The Centers for Disease Control and Prevention said emergency room visits by teenage girls for suspected suicide attempts doubled in 2021. Amid a mental health crisis, how worried should parents be about the mental health of their tween daughters? LA Times columnist Robin Abcarian wrote about how social media, isolation and bullying are affecting young girls. Abcarian joined host Lisa McRee on “LA Times Today.”

Some of the struggles teens face today are caused by because they have grown up during a pandemic. Author Mary Pipher wrote a book called “Reviving Ophelia” in 1994 that created conversation around teen mental health. In a 2019 update, she wrote about how social media has affected teenagers’ psyches.

“What she found most especially was that social media and technology was the thing that had changed the most in the interim 30 years since she had first published her book. She said it was an almost intractable problem that girls particularly are immersed in their screens, and their apps and social media. I’s changing how they think of themselves and look at themselves,” Abcarian explained.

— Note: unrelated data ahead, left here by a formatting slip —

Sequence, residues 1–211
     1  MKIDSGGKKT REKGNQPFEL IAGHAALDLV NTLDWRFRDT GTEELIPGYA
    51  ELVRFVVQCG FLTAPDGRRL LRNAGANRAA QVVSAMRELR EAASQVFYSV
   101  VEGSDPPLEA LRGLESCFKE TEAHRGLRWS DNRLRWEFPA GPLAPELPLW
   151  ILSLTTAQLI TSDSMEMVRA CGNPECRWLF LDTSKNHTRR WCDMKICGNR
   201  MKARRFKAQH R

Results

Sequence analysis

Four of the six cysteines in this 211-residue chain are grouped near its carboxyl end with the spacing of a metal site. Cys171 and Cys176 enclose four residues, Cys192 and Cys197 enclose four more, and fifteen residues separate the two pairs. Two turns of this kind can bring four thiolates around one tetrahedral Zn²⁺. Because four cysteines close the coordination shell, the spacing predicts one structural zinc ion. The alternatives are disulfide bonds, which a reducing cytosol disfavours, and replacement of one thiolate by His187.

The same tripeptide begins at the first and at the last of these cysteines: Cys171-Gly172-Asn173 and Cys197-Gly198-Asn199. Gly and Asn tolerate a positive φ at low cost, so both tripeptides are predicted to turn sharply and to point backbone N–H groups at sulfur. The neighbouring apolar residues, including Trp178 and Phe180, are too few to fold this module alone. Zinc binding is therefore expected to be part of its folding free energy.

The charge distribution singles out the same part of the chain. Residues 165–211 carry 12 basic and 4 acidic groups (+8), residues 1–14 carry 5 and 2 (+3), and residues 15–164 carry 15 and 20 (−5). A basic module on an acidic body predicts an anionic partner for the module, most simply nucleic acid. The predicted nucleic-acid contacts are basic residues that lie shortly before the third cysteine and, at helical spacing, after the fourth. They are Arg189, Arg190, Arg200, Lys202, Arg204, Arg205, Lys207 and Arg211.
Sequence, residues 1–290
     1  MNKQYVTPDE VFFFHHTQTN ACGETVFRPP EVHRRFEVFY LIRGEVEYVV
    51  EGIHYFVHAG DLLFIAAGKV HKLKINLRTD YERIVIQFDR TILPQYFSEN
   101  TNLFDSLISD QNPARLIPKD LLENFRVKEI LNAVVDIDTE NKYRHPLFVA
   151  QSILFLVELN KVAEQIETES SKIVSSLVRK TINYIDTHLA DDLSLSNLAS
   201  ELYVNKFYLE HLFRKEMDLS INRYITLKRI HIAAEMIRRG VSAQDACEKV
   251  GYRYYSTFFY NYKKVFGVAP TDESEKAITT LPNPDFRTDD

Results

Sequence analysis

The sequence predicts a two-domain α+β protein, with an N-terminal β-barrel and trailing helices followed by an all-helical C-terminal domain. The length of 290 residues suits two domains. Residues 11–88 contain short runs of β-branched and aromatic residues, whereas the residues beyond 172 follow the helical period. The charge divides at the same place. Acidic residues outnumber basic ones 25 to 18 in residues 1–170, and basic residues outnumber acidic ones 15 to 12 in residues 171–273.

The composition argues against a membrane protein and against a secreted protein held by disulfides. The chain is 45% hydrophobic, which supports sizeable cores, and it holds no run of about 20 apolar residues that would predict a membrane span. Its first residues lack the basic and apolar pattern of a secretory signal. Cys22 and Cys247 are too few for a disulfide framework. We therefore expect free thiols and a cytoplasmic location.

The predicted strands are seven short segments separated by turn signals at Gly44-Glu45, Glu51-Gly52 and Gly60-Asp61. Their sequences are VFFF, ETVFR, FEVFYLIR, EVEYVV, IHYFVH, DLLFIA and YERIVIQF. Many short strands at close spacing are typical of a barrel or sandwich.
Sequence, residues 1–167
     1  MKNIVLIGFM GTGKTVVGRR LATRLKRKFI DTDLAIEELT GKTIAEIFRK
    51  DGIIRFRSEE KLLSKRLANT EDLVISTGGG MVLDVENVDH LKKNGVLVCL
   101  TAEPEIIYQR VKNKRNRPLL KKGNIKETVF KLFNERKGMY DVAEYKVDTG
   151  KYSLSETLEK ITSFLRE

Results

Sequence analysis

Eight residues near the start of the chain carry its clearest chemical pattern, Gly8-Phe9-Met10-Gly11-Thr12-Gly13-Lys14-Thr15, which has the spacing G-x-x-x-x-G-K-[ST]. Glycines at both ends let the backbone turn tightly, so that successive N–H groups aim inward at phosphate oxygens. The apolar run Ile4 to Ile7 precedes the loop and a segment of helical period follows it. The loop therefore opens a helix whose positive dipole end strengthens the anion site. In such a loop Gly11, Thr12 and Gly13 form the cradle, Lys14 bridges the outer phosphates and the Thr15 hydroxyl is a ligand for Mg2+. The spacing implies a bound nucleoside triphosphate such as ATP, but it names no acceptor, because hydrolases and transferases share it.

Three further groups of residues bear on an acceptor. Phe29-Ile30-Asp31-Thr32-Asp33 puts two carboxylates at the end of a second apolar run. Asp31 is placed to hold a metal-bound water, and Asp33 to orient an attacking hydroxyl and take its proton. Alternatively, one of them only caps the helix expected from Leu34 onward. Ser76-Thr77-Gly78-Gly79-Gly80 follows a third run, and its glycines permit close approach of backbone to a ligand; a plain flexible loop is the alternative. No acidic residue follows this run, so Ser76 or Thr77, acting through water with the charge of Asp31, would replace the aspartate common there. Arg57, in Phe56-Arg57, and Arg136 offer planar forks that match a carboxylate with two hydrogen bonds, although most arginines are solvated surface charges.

Meta, the parent company of Instagram, has been aware of the negative impact of their apps on young girls’ mental wellbeing, but has not taken significant steps to address the issue. Abcarian shared the personal reason why she wrote about tween mental health. 

“I am raising my 12-year-old niece. My biological daughter is almost 30 years old. So I’d gone through it with her before. But technology threw me a curveball. My daughter had a flip phone when she was maybe 14. My niece has a Chromebook, an iPad, a phone, although no apps on the phone. She constantly has her nose in screens. It’s probably our biggest fight; our biggest struggle is to get her outside to play and just turn off the devices,” she said. 

For parents of pre-teens, there is a popular trend called “Wait Until 8th” where kids do not get smartphones before eighth grade. 

“This was started by some parents a few years ago. They say, and I fully embrace this idea, that kids don’t need iPhones until at least eighth grade, if not later. The social pressure on kids is so intense. My niece comes home from school almost every day saying, ‘so-and-so’s getting an iPhone next week. When am I getting one?’... I’ve got her something called a Gabb phone. She can call or receive calls, texts, and take pictures, but no apps,” Abcarian shared. 

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